Highway and Road Expenditures

State and Local Backgrounders Homepage

Spending on highways and roads includes the operation, maintenance and construction of highways, streets, roads, sidewalks, bridges, and other related structures.1 This category includes both regular highways and toll highways, with the major difference being that the latter is operated using fees or tolls.  

How much do state and local governments spend on highways and roads?

In 2016, state and local governments spent $175 billion, or 6 percent of direct general spending, on highways and roads.2 Highways and roads were the sixth-largest source of direct general spending at the state and local level in 2016, and have been since 1996.

Forty-five percent of highway and road spending goes toward operational costs, such as maintenance, repair, snow and ice removal, highway and traffic design and operation, and highway safety. Fifty-five percent goes toward capital spending, namely the construction of both highways and roads. This stands in stark contrast to the five other major spending categories, where capital spending typically accounts for 10 percent or less of total direct spending. Since 1977, capital spending has consistently been between 50 percent and 60 percent of total highway and road spending.

Ninety-one percent of all 2016 highway and road expenditures were for regular highway and road systems; 9 percent were for toll facilities, such as turnpikes, toll ferries, toll bridges, and toll facilities operated by special district governments such as local port authorities.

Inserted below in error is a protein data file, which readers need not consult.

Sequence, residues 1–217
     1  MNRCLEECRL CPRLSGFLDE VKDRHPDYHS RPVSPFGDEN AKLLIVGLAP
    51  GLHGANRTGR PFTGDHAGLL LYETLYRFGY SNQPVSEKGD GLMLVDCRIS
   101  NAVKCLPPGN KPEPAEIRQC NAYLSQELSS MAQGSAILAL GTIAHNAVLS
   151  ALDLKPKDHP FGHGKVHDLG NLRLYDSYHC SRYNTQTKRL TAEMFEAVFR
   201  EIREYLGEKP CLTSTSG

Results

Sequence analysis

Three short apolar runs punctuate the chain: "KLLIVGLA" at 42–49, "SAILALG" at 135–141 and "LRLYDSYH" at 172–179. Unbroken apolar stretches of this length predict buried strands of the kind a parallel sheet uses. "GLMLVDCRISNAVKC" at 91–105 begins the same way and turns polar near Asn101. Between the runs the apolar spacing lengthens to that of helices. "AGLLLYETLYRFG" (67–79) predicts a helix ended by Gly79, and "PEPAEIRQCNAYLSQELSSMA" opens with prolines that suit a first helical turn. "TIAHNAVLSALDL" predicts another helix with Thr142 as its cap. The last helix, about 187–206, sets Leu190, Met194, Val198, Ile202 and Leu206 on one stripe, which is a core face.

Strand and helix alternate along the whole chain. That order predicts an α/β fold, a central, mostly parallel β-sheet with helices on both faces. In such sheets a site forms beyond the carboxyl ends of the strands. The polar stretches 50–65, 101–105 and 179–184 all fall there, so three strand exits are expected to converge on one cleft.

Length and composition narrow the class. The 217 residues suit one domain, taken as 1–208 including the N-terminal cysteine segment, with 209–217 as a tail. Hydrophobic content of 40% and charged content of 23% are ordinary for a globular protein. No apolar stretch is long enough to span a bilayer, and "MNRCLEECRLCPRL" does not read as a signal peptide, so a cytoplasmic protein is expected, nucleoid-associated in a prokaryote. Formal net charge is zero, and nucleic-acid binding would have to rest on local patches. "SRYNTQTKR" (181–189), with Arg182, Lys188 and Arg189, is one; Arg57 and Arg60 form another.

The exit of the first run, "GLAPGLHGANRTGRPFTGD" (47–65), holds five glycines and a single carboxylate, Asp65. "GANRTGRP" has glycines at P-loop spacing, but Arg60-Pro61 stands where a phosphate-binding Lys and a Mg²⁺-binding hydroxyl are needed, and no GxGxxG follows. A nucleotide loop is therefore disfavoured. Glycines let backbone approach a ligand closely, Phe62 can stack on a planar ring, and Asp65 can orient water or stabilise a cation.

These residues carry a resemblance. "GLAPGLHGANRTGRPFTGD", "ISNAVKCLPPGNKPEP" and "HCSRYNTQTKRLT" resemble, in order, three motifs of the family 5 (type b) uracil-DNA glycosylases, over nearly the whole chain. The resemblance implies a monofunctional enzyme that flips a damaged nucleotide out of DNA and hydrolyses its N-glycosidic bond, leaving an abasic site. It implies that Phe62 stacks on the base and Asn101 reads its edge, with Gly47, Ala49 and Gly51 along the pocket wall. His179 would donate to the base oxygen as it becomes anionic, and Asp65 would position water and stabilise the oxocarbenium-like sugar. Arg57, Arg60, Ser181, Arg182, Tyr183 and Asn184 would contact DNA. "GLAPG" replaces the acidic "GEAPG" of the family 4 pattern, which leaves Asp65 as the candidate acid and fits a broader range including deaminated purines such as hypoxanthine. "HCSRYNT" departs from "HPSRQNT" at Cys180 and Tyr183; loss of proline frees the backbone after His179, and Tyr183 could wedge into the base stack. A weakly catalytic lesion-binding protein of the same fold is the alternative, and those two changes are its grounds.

How does state spending differ from local spending?

State governments spend more of their budgets on highways and roads than do localities. In 2016, 8 percent of state direct general spending went to highways compared with 4 percent of local direct general spending. State spending is typically for highways and tollways, whereas local governments spend more money on local streets and roads.

A majority of funds for highway spending come from state and local governments. Federal intergovernmental transfers to state and local governments accounted for $47 billion dollars in 2016 (27 percent), while states and localities provided the remaining $128 billion. However, the federal share is up from 22 percent in 1992.

Highway user charges, such as tolls and revenues from highway concessions, were 11 percent ($19 billion) of total highway and road direct general expenditures in 2016. Charges have been growing faster than overall highway and road spending in real terms: in 1977, charges contributed only 7 percent of highway and road expenditures. Charges do not include revenue from gasoline taxation, which equaled $45 billion dollars, or 26 percent of total highway and road spending, in 2016.

How have highway and road expenditures changed over time?

In 1977, state and local governments spent $91 billion on highways and roads (in 2016 inflation-adjusted dollars). In 2016, they spent $175 billion. Between 1977 and 2016, other state spending grew faster than highway and road spending. In 1977, 8 percent of state and local spending went to highways and roads compared with 6 percent in 2016.

How and why does spending differ across states?

Across the US, state and local governments spent $541 per capita on highways and roads in 2016. North Dakota spent the most per capita on highways and roads at $2400 per person, followed by Alaska ($2,135), Wyoming ($1,223), South Dakota ($1,216), and Vermont ($999).  Tennessee spent the least on highways and roads at $340 per person, followed by Arizona ($356), Utah ($375), Michigan ($386), and Missouri ($393).

Data: View and download each state's per capita spending by spending category